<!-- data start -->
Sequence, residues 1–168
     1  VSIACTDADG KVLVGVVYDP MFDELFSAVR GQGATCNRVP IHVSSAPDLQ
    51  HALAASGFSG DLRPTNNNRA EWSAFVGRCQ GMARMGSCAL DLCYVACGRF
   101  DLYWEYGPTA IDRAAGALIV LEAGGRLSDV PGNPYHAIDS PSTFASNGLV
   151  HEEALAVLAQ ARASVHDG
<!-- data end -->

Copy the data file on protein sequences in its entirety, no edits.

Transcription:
Sequence, residues 1–168
     1  VSIACTDADG KVLVGVVYDP MFDELFSAVR GQGATCNRVP IHVSSAPDLQ
    51  HALAASGFSG DLRPTNNNRA EWSAFVGRCQ GMARMGSCAL DLCYVACGRF
   101  DLYWEYGPTA IDRAAGALIV LEAGGRLSDV PGNPYHAIDS PSTFASNGLV
   151  HEEALAVLAQ ARASVHDG